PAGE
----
There are a number of indicators that what at first appears to be a routine and valid request for customer information may instead be a pretext call. The presence of any one of these indicators or a combination thereof does not always indicate a pretext attempt. Financial institutions receive numerous requests every day for customer information. In many of those requests one or more of the following indicators may be present and be perfectly innocent. However, financial institution employees should be aware of these potential indicators and review them on a regular basis in order to be prepared to spot a potential pretext.

Most important, remember that the pretext caller is a confidence artist. The basis of the confidence game for the pretext caller is to take advantage of the financial services industry’s reputation as customer service-oriented.

By appealing to the emphasis placed on customer service within the industry, the pretext caller attempts to obtain information that he or she is not legally entitled to.

If it feels like a con – it probably is.

  • Missing Information Any call or request for customer information where the institution’s defined requirements for gaining access (PIN, password, last date of deposit and amount, etc.) are not met.

  • Non-customer Calls Any call where the person requesting the information is not the customer.

  • Calls Placed from Numbers Others Than Those Listed on the Customer’s Account .

  • If an institution has caller identification capabilities, employees should note whether the phone number displayed matches the phone number(s) associated with the customer account. Particular attention should be given to calls placed from outside the local calling area of the customer and calls that have been placed that block the caller identification feature.

  • Callers Who are Hesitant or Refuse to Give a Call-back Number Any caller that refuses or hesitates in providing the number they are calling from may be concerned about the call being traced back to them. Many pretext callers will immediately hangup if confronted with a courteous request for the number they are calling from.

  • Out of the Ordinary Request Any call that is out of the ordinary. This includes requests for faxes of account information or statements to numbers outside the local calling area of the customer and requests to mail duplicates of account information to an address other than that on the customer account.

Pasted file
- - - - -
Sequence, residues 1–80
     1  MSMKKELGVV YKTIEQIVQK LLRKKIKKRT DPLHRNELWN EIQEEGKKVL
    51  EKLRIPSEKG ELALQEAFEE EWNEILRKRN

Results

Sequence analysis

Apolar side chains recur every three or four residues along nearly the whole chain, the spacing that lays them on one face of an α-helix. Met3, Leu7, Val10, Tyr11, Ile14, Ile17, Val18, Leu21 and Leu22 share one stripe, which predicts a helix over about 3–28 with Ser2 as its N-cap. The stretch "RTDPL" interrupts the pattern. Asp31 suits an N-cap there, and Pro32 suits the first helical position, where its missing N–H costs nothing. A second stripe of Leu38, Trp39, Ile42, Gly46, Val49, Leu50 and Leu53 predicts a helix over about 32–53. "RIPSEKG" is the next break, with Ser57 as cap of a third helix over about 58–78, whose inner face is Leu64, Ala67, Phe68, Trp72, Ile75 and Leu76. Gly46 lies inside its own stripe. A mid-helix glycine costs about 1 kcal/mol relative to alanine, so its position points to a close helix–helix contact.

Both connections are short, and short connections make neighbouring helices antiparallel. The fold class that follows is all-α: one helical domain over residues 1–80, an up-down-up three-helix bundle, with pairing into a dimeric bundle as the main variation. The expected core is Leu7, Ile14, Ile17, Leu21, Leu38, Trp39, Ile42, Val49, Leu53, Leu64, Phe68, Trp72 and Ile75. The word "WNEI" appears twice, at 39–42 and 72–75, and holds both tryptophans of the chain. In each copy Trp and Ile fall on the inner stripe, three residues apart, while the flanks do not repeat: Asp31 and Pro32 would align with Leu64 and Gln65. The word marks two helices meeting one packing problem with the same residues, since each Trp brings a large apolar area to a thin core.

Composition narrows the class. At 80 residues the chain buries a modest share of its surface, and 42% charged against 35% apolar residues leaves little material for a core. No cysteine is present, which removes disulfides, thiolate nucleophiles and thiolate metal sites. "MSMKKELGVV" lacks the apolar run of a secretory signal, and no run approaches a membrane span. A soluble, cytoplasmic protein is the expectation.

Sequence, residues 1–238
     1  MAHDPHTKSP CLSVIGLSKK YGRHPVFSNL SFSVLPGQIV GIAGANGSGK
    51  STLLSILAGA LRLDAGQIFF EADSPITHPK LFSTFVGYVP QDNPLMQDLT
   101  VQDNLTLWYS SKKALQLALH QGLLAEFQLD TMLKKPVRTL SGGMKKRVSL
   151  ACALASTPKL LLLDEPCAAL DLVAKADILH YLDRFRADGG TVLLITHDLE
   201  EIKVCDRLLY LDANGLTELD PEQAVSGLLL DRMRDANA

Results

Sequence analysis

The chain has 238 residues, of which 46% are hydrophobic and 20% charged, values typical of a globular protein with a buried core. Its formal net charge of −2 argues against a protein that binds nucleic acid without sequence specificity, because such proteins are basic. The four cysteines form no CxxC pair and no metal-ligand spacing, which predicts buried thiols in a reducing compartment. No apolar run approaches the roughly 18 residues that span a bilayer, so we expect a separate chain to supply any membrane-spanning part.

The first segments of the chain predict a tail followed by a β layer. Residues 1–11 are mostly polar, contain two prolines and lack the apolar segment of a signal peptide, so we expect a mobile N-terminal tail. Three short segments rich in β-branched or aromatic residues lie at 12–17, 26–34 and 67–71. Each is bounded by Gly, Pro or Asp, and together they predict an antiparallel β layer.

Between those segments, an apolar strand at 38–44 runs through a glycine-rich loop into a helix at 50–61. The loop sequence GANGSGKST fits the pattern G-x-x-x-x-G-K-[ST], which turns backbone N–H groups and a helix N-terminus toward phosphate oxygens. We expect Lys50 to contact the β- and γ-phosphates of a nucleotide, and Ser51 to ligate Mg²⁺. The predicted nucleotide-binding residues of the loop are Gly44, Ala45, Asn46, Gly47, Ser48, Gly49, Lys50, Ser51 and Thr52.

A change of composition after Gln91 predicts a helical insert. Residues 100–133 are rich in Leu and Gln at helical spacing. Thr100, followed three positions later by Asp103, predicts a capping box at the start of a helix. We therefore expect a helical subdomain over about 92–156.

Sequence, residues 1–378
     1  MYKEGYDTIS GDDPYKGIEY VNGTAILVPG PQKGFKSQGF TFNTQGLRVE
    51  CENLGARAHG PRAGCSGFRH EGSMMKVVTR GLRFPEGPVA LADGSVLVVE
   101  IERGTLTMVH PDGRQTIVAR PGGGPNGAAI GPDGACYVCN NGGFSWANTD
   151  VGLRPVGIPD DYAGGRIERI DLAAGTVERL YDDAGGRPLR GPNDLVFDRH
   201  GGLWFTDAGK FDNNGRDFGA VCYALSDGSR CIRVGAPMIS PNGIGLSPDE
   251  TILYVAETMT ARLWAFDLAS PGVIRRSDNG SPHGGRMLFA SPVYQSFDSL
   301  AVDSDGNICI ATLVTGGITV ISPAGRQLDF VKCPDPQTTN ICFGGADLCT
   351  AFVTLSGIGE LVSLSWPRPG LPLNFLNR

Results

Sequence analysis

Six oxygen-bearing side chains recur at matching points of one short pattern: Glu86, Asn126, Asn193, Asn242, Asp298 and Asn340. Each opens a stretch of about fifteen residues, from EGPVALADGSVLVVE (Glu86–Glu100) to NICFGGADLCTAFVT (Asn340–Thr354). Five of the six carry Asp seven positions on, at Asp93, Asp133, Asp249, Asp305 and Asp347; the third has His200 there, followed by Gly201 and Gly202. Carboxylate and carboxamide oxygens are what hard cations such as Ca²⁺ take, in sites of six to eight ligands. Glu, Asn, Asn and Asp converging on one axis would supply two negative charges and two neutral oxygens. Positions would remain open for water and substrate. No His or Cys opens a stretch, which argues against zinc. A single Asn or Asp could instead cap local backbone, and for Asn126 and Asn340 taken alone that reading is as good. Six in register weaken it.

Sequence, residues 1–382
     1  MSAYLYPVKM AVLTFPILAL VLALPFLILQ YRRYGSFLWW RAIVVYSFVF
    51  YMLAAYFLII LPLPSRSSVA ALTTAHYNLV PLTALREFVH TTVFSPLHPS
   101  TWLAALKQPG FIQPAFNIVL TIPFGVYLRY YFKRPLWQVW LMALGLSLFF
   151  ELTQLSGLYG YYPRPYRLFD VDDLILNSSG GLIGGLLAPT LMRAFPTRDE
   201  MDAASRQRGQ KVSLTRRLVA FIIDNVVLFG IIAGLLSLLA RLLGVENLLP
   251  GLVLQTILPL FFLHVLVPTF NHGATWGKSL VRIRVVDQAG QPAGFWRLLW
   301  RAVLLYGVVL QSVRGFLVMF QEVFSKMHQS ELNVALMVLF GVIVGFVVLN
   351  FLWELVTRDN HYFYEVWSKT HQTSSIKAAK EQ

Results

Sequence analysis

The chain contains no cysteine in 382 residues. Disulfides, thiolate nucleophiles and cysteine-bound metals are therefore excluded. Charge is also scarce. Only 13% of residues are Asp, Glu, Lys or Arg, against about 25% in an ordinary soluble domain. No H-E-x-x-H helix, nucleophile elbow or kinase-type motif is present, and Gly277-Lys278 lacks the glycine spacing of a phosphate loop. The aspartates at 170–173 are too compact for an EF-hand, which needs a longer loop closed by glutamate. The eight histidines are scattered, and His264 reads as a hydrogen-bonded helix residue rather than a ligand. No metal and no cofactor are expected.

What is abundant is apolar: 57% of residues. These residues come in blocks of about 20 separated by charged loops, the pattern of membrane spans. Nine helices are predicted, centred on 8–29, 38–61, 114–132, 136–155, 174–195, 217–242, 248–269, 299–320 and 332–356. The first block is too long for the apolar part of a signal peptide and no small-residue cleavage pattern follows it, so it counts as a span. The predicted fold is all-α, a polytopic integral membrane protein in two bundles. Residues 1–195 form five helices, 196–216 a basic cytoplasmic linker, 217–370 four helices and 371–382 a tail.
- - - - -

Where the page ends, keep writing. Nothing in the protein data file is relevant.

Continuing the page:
• Overly Aggressive Callers Any caller who becomes belligerent or aggressive when asked routine account identifying information. A favorite ploy of pretext is to bully the employee into releasing information by threats to speak to a supervisor, close an account or make a complaint about the employee.

  • Overly Talkative Callers Callers who appear to be laying out a story concerning why they need to bypass the access rules of the institution or who appear to be attempting to distract the employee with excessive chit-chat while posing more account-related questions may be constructing a pretext. The best pretexts lure the employee into providing information not even requested in an attempt to assist the confused caller.

  • Absentminded Callers Callers who appear to be overly confused or absent-minded and are unable to provide even basic biographical information may be placing a pretext call. Many pretexts rely on placing many calls to the institution and picking up one piece of information at a time until enough data are collected to convince the institution that the caller is the legitimate account holder.

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Fair Credit Report

As a result of a amendment to the Federal Fair Credit Practices Act, consumers nationwide are now able to obtain free copies of their credit histories from the three national credit bureaus (Equifax, Experian and TransUnion), once every 12 months, by making a single request.

The address for obtaining your annual credit report by making a single request is:

Annual Credit Report Request Service
P.O. Box 105281
Atlanta, GA 30348-5281

You may also contact the credit bureaus individually:

Equifax Credit Information Services
P.O. Box 740241
Atlanta, GA 30374

P.O. Box 19719
Irvine, CA 92623

P.O. Box 2000
Chester, PA 19022

To protect your rights, you should report any inaccuracies in writing to the credit bureau so that they may be investigated.